Can regeneration be a catalyst for fair and inclusive climate action in Leeds?

By James Dickinson, Lara Balazs and Georgina Chamberlain

In October 2019, Buro Happold brought together a group of developers, policy-makers, academics and engineers. Our aim was to explore how we can secure the right kind of sustainable development to deliver the vision – for Leeds to be both net zero carbon and the best performing city in the UK by 2030.

For engineers and consultants in the built environment it is too easy to work and think only inside the red line boundary of a particular development. However, multiple transitions will need to happen concurrently to deliver against the UK’s bold climate commitments.

We wanted to explore how designers, developers and planners might capitalise on new development across the city and widen the good intentions beyond the planning boundary.

A range of speakers from across the sector joined the panel:

  • Professor Andy Gouldson (Leeds University and Leeds Climate Commission) chairing the panel
  • Sophia Cox (UK Green Building Council) discussing design for social value
  • Lee Arnell (Executive Regeneration Manager, Strategic Growth: City Centre and Major Infrastructure, Leeds City Council) giving insight into the Leeds planning context
  • Phil Dyke (Potential Energy on behalf of CEG) providing examples of implementing good practice into live projects.
Can regeneration be a catalyst for fair & inclusive climate action in Leeds? Oct 2019 event in Leeds office

Key insights from the panel

Leeds could become a carbon neutral city by 2050 – and potentially by 2030 (Professor Andy Gouldson)

Professor Andy Gouldson discussed key insights from the Leeds Carbon Roadmap (https://www.leedsclimate.org.uk/leeds-carbon-roadmap), recently published by the Leeds Climate Commission. Options include switching the gas network to de-carbonised hydrogen, deep retrofit of both domestic and non-domestic buildings, and accelerated rollout of district heating and electric vehicles.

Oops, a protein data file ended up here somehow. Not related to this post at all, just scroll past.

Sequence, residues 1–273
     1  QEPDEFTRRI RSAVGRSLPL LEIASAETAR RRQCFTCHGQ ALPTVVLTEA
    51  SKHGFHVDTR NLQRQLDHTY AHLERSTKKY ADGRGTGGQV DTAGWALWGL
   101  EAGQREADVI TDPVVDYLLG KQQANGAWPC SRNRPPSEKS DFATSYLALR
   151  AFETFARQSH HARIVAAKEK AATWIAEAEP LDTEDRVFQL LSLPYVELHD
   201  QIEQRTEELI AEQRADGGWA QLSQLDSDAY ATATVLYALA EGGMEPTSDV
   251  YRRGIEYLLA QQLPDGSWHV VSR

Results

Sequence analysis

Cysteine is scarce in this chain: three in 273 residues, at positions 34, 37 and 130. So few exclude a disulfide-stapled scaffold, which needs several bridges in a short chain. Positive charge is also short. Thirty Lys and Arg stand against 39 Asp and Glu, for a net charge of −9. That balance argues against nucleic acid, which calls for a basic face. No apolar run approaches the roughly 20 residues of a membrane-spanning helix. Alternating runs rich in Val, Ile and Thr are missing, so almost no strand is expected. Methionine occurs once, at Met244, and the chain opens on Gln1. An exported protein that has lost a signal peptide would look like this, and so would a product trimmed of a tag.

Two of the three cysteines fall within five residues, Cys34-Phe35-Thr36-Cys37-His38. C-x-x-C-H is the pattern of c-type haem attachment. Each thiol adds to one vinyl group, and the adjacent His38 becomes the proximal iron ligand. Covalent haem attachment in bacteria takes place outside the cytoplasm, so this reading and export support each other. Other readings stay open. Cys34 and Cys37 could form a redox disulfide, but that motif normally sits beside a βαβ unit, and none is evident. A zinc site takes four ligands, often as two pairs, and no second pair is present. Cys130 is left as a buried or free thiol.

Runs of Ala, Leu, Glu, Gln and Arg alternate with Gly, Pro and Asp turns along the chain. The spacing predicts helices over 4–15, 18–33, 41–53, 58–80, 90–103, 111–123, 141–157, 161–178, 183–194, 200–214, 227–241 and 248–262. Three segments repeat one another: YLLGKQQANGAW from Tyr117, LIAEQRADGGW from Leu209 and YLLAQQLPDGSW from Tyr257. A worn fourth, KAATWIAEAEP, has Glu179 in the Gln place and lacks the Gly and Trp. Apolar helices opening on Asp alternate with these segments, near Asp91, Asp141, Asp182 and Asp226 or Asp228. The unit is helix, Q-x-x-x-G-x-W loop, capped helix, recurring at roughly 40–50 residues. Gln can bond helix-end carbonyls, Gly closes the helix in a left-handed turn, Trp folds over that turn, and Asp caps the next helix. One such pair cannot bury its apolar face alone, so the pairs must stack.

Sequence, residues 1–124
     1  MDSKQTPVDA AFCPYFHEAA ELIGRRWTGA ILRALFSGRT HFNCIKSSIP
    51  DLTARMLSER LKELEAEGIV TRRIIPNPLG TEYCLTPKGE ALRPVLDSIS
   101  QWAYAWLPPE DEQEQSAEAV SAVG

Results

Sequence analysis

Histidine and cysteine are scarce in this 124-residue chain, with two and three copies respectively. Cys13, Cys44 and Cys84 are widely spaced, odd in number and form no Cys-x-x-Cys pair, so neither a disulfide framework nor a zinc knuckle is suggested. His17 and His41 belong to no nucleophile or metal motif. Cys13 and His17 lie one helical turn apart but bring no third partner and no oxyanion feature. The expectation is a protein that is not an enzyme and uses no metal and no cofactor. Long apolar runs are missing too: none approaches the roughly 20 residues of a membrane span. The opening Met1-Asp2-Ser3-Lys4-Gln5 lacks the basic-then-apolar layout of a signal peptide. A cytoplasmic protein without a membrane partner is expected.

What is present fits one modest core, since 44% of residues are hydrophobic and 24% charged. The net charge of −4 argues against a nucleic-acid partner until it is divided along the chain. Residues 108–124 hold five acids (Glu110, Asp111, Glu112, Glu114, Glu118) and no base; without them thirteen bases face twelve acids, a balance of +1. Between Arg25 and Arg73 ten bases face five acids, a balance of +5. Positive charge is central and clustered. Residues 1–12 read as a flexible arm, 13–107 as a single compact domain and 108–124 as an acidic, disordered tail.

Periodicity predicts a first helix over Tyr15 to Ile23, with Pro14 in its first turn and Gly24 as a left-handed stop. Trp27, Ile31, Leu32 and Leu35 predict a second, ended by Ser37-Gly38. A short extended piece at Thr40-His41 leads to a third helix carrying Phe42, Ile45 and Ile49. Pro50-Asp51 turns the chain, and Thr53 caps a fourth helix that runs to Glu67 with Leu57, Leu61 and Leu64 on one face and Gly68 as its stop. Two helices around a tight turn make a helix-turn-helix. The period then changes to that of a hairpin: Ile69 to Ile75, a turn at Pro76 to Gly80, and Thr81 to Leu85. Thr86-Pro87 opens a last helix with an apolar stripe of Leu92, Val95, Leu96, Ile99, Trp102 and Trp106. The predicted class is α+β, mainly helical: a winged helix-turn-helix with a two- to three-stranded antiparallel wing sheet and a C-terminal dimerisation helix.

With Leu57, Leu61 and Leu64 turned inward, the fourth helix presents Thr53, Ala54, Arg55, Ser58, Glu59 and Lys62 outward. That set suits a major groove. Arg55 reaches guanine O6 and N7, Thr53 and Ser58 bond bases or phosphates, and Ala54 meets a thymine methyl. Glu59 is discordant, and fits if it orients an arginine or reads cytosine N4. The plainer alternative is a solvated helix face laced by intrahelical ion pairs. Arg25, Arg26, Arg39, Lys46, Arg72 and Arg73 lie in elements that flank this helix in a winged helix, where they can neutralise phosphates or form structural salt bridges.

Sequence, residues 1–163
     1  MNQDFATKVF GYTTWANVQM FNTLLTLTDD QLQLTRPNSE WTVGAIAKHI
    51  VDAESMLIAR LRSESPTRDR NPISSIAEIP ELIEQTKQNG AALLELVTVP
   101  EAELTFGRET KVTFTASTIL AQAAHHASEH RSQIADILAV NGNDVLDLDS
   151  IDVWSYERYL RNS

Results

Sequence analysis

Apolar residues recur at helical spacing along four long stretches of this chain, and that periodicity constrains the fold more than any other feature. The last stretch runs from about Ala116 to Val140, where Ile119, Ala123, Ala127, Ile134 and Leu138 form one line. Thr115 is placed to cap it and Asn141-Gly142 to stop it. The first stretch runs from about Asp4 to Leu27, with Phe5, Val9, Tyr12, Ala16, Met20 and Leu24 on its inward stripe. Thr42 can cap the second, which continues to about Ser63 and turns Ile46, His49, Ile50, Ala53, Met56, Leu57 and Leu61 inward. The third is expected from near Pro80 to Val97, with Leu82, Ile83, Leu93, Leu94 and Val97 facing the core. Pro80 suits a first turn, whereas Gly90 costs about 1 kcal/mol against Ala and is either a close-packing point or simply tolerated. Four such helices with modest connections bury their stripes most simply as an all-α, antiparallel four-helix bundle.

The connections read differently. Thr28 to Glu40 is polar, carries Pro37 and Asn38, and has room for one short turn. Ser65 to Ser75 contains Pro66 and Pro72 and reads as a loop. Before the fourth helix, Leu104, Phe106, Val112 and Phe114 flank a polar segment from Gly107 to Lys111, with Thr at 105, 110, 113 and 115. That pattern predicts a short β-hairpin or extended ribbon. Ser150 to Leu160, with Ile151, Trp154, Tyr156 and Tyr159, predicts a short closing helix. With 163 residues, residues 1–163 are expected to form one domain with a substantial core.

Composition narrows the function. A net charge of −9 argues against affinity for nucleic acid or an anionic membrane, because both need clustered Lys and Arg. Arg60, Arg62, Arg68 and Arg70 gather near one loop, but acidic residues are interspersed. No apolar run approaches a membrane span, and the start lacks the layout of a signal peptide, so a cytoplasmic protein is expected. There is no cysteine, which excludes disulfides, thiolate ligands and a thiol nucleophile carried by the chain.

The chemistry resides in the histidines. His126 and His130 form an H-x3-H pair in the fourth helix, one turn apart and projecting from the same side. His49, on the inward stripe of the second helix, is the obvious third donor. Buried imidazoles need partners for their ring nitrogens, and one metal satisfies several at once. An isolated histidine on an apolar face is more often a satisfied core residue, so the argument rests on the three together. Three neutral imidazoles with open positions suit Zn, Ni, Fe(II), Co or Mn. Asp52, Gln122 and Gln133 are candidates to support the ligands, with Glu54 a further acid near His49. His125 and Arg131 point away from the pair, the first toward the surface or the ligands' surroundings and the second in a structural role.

Doing things with communities, not to them (Sophia Cox)

Sophia Cox brought ideas from the UKGBC’s Social Value programme, building on the Social Value in New Development guidance document (https://www.ukgbc.org/ukgbc-work/social-value/). Sophia provided insight about how existing mechanisms can be used to promote social value. She also highlighted opportunities that local authorities can take to hold all parties to account through procurement, land disposal and the planning process.

Regeneration manifests through physical change, but is about transformation in a broader sense (Lee Arnell)

Lee Arnell highlighted the role of local authorities in engaging with developers to deliver sustainable development, framing the planning process differently – with people at the centre.

For Leeds, the Inclusive Growth Strategy (http://www.leedsgrowthstrategy.co.uk) sits at the core of new policy. However, collaboration, not just regulation, will ultimately deliver the paradigm shift needed.

Flexibility is required to reward pioneering development (Phil Dyke)

Phil Dyke used the Kirkstall Forge project as an exemplar for delivering broad social benefits through development. The approach to energy strategy in this development has been to move away from a traditional compliance-based approach towards design for performance.

This development has also begun to tackle the skills gap in sustainable building that exists in Leeds. It is using its SIPs-construction prototype houses (https://www.kirkstallforge.com/news/pioneering-prototype-homes-to-be-delivered-at-kirsktall-forge/) to develop the next generation of construction workers.

Yorkshire knows all too well what an unjust energy transition looks like
Professor Andy Gouldson

The panel discussion that followed was wide-ranging, drawing on expertise from others present to explore how Leeds can demonstrate best practice in regulation, design and operation. Key themes were:

  • Policy
    Change can come from the bottom up, but delivering radical climate action locally requires innovative policy at a national level.
  • Design for performance
    A move away from design for compliance is required to deliver high-quality buildings that actually perform as intended..
  • Business models
    Changing the model towards longer-term involvement means that social value issues come to the fore.
  • Embodied Carbon
    Carbon associated with construction materials and products arises from activities within the city but occurs outside the city boundary. As such, it is often overlooked but is a significant portion of global carbon emissions.
  • Stakeholder consultation
    Engaging stakeholders in policy and planning early on can ensure the needs of specific communities are met.

Leeds has all the ingredients it needs to deliver a just energy transition and become an exemplar carbon neutral city. We need a new normal.

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